The Matron closed her hands into fists while spinning both simultaneously in a circle toward the center plane of her body and quickly spread her fingers out, palms facing down. This was the common gesture to end a computer input-output session. The viewscreen pulled away and folded itself back into the wall. She stood up and began to approach me, standing still just inside the entrance to the kitchen.
Her shoulder-bands were displaying a dark auburn-brown. The color was intended to evoke soil; food-production was dedicated to reclaiming and ordering the chaos of the soil. Many foods were no longer grown in earth, very few in Earth, but still no one wanted the humans to forget, as they once had, that all life began, blossomed, and ended in the soil. Food is dirt, and dirt is food.
Sophie’s presence must have been acknowledged by the Warden, her shoulder-bands flipped over from white to brown; paler, but reminiscent of that worn by the Matron. A handful of women in identical colors stood in the kitchen, heads buried in work. By the smells wafting around the kitchen, someone was making a mushroom gravy. A few others kneaded bread on a lowered surface. Another was manipulating a viewscreen that produced various vegetable products; modern humans rarely risked injury by handling knives. But the dicing-machine would output vegetables cut into managable pieces and the food-production laborer would add the human touch.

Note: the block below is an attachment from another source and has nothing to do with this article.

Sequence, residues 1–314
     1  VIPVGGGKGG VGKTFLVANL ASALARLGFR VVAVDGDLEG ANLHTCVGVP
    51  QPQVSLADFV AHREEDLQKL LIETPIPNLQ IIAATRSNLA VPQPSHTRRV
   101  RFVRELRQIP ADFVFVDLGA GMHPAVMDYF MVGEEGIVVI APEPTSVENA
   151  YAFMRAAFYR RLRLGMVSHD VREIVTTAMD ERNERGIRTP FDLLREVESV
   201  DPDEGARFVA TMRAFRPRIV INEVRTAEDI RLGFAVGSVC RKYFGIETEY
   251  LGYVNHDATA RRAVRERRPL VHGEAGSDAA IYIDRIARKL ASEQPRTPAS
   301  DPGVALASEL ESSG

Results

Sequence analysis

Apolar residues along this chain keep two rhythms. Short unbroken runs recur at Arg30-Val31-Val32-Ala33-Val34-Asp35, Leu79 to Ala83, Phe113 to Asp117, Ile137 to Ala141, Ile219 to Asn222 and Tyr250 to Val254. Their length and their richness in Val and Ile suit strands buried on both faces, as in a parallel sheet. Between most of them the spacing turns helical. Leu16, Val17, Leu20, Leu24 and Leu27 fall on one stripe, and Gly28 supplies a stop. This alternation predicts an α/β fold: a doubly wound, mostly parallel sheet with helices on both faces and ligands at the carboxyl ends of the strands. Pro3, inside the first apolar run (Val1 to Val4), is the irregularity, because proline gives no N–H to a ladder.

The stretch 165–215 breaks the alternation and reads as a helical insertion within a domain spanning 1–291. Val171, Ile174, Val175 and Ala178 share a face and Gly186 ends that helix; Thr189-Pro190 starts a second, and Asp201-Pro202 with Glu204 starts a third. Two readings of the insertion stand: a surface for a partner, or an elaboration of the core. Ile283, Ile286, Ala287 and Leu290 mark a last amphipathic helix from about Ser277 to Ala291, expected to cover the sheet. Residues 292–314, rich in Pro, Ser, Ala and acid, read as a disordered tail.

“Today I’d like you to process the potatoes.”
Sophie had been given this job before. Everything at the prison was about reducing energy input to maximize output. Her bionic hands were very efficient at removing the eyes from potatoes. There were plenty of manual-manipulator-machines who could handle objects of strange shape, but making them efficient required more computation than desired. Humans could use their fingernails to dig into the skin of the potato, getting just beneath the surface and prying the sprout from the tuber. But their fingernails were soft and the job became painful relatively quickly. Thus, Sophie was the ideal hybrid. She had highly specialized algorithms to control hand-motion; manipulating potatoes was no difficulty. And her ‘fingernails’ were a bioplastic insert that was highly durable and could be replaced as needed.
So she commenced her work. She was assigned a station that had changed countertop modules to suit this day’s task.